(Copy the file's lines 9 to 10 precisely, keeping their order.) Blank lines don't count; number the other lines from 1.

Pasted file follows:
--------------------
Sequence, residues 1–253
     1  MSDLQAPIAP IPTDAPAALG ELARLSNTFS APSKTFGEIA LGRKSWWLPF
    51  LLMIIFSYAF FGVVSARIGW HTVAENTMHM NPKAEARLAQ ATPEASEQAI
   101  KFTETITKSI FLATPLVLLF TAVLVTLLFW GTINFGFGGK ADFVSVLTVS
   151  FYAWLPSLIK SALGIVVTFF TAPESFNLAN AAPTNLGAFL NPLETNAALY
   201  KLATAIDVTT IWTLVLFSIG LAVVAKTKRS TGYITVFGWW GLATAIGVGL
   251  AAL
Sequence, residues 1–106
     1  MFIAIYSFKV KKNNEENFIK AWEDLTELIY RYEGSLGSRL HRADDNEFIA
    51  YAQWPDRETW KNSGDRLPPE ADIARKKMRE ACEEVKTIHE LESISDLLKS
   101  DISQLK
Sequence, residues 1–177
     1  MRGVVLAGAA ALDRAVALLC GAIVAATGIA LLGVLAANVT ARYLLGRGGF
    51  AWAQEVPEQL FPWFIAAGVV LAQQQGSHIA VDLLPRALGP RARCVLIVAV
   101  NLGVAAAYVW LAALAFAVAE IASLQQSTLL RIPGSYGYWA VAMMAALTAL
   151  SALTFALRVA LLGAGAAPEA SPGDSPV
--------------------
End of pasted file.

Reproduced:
     1  MFIAIYSFKV KKNNEENFIK AWEDLTELIY RYEGSLGSRL HRADDNEFIA
    51  YAQWPDRETW KNSGDRLPPE ADIARKKMRE ACEEVKTIHE LESISDLLKS